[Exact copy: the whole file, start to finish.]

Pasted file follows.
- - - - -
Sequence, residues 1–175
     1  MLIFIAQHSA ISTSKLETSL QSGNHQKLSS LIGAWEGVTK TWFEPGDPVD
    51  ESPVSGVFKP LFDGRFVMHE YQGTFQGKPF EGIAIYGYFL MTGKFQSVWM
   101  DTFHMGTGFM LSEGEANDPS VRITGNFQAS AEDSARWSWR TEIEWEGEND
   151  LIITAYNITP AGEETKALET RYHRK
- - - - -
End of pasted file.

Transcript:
Sequence, residues 1–175
     1  MLIFIAQHSA ISTSKLETSL QSGNHQKLSS LIGAWEGVTK TWFEPGDPVD
    51  ESPVSGVFKP LFDGRFVMHE YQGTFQGKPF EGIAIYGYFL MTGKFQSVWM
   101  DTFHMGTGFM LSEGEANDPS VRITGNFQAS AEDSARWSWR TEIEWEGEND
   151  LIITAYNITP AGEETKALET RYHRK